Building a business case for a major project can be hard (and unfamiliar) work. If it’s your first experience with the process, it can even seem kind of unfair – like finding a batch of calculus problems on an algebra test. It can be hard to make the transition from planning a major project like an SAP S/4HANA migration, that seems to be essential or obviously required, to working out how to pay for it. How can you be expected to have so much data about other functions in your company?
The problem isn’t so much with the business case process itself, as it is with our (general) lack of education and understanding about the process. Building a good business case should be an integral part of almost every project. Understanding the business case approval process should be an early step in developing the project itself, because it ensures that you’ll be able to answer the question “why should this project be approved?” Your project will generally compete against other deserving projects, and your company’s finance and management team will almost always demand to know what the payback will be for any major project. It only makes sense to try to get it right the first time.
My last article ( https://www.ibm.com/blogs/insights-on-business/electronics/four-principles-for-building-your-s-4hana-business-case/ ) provided four principles for preparing a winning business case. In this note, I’d like to cover some of the ways the process can go sideways. The problems are almost always in the assumptions – and in most cases, the flaws are in the unstated assumptions.
You can avoid some faulty approaches simply by making sure you have a good understanding of your organization’s performance versus industry benchmarks. To illustrate, let’s consider three companies in the same industry: Acme, Baker, and Consolidated. They’re all roughly the same size; they’re all profitable; and they are all planning to implement the same new ERP package. Their performance varies in different areas.
Let’s say that the ERP provider has indicated that “on average, companies that implement our package see a 20% reduction in inventory.” First, let’s look at what the effect of a 20% inventory reduction would be at the three companies:
||Current Inventory Turns
||Current Inventory Value
||Cash Flow Value of a 20% reduction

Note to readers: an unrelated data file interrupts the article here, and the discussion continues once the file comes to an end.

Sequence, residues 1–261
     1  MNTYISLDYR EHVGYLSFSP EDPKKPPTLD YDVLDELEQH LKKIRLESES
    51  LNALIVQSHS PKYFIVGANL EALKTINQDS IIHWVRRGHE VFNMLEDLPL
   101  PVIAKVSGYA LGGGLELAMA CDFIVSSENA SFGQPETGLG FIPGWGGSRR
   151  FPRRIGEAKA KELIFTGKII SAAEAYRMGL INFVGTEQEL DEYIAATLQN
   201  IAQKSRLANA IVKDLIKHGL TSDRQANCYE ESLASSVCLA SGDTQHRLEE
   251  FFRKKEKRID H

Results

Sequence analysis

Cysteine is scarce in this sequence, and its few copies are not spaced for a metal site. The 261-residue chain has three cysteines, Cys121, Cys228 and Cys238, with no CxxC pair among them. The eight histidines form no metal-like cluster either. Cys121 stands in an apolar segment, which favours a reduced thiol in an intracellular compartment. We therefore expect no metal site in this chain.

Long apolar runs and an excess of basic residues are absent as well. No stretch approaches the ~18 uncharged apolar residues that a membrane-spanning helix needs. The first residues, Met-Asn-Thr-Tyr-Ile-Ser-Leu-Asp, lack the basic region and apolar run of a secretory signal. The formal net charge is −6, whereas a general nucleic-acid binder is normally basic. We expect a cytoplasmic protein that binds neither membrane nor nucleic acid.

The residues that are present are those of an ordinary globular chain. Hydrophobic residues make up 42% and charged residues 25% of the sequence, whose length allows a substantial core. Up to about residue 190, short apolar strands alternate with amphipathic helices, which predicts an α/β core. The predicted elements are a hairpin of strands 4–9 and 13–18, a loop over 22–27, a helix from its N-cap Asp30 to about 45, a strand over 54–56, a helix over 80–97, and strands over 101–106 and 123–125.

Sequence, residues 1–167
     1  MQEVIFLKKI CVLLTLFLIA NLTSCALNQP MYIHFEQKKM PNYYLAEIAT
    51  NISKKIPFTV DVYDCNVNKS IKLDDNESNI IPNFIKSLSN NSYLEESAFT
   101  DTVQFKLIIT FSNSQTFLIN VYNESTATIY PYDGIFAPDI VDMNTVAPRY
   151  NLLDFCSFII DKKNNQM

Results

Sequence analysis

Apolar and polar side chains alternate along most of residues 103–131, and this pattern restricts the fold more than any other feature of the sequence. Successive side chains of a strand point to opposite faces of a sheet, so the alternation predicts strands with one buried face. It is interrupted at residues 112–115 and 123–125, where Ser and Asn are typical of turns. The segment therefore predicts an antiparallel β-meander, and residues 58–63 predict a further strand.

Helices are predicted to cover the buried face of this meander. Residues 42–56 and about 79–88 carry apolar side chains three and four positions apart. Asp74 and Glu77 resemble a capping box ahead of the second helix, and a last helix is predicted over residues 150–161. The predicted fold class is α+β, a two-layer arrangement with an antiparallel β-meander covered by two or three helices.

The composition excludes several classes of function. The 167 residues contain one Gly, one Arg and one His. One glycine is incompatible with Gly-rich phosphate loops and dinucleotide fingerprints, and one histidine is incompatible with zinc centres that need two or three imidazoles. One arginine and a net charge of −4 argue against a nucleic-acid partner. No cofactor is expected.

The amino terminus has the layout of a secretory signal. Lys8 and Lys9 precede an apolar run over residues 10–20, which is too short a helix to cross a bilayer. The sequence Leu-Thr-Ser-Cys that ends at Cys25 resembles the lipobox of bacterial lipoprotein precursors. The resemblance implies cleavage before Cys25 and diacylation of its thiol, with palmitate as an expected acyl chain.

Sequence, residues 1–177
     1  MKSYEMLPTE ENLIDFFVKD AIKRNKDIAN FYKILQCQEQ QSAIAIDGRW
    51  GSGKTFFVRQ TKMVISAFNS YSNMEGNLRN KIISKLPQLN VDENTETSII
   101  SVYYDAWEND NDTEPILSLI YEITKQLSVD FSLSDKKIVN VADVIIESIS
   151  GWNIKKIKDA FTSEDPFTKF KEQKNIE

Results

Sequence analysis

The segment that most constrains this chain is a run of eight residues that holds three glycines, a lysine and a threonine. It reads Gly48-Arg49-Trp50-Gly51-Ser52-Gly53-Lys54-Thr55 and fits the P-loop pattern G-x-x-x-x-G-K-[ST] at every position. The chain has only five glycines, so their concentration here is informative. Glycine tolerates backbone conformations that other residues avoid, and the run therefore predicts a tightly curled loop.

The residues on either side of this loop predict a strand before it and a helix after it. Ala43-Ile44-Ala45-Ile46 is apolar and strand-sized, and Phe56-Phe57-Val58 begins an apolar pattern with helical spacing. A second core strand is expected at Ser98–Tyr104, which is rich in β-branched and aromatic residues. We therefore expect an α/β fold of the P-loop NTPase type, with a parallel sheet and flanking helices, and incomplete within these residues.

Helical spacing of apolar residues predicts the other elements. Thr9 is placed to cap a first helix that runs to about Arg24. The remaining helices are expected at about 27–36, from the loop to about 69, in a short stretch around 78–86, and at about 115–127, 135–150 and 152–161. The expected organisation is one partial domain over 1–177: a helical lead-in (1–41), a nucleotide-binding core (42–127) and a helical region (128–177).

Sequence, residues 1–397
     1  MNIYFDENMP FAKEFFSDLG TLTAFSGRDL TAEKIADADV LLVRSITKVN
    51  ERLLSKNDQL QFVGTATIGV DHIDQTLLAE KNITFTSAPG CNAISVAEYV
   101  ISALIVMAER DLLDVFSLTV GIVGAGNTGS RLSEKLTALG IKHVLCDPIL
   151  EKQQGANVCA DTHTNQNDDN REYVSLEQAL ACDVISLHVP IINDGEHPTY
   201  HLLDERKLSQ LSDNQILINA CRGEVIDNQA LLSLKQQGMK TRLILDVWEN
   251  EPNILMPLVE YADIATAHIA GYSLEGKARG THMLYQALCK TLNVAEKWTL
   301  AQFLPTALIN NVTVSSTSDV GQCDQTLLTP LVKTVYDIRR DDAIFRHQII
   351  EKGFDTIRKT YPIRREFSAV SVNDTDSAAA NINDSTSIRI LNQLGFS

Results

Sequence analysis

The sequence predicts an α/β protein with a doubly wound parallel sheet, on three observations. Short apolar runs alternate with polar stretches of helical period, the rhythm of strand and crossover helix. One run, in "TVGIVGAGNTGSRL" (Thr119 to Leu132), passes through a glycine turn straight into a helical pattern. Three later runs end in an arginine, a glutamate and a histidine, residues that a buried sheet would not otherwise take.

At first glance, this all looks fine… but it isn’t. The unstated assumption of the calculation above is that the average improvement observed by the ERP software provider will be valid for a specific company. Let’s add one more piece of data: the average inventory turns for their industry is 6. Baker is performing at the industry average; Consolidated is outperforming the industry – at double the average turns for the industry; and Acme is underperforming. If the data from the ERP provider was actually based on companies with similar characteristics to their industry (another unstated assumption), then Baker can quite possibly look forward to achieving that $40M cash flow. What about Acme? They ought to be able to achieve much more than a 20% reduction in inventory. Maybe they can move close to the industry average (a $100M drop in inventory) or achieve close to Baker’s potential performance (which would represent a total of $140M in potential cash flow). But Consolidated is already outperforming the industry average – they may even be leading the industry in inventory performance. They shouldn’t even count on the $20M reduction that they calculated – at least, not without a thorough understanding of how other companies used the ERP software to reduce their inventory levels. To summarize:
Flawed Approach #1: The “Average Improvement” Fallacy. Don’t assume that your company’s benefits will be equal to the average achieved by a group of other companies. You need to understand where your company’s performance falls in relation to benchmark performance in your industry.